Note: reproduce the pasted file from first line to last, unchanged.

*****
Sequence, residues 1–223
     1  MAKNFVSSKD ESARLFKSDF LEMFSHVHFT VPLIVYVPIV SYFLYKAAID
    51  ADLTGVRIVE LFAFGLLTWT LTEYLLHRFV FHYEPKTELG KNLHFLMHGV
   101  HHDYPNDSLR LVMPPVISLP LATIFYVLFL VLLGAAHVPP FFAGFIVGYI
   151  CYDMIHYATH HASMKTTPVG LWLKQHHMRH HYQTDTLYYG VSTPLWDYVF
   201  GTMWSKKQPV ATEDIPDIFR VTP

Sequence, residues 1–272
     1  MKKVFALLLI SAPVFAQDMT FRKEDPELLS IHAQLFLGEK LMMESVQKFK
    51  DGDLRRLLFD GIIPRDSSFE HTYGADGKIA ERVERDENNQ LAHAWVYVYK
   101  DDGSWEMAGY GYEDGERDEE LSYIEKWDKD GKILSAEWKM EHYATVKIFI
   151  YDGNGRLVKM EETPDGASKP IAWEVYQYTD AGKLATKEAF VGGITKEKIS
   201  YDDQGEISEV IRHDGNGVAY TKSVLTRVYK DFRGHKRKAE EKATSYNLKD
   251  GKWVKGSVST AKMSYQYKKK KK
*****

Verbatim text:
Sequence, residues 1–223
     1  MAKNFVSSKD ESARLFKSDF LEMFSHVHFT VPLIVYVPIV SYFLYKAAID
    51  ADLTGVRIVE LFAFGLLTWT LTEYLLHRFV FHYEPKTELG KNLHFLMHGV
   101  HHDYPNDSLR LVMPPVISLP LATIFYVLFL VLLGAAHVPP FFAGFIVGYI
   151  CYDMIHYATH HASMKTTPVG LWLKQHHMRH HYQTDTLYYG VSTPLWDYVF
   201  GTMWSKKQPV ATEDIPDIFR VTP

Sequence, residues 1–272
     1  MKKVFALLLI SAPVFAQDMT FRKEDPELLS IHAQLFLGEK LMMESVQKFK
    51  DGDLRRLLFD GIIPRDSSFE HTYGADGKIA ERVERDENNQ LAHAWVYVYK
   101  DDGSWEMAGY GYEDGERDEE LSYIEKWDKD GKILSAEWKM EHYATVKIFI
   151  YDGNGRLVKM EETPDGASKP IAWEVYQYTD AGKLATKEAF VGGITKEKIS
   201  YDDQGEISEV IRHDGNGVAY TKSVLTRVYK DFRGHKRKAE EKATSYNLKD
   251  GKWVKGSVST AKMSYQYKKK KK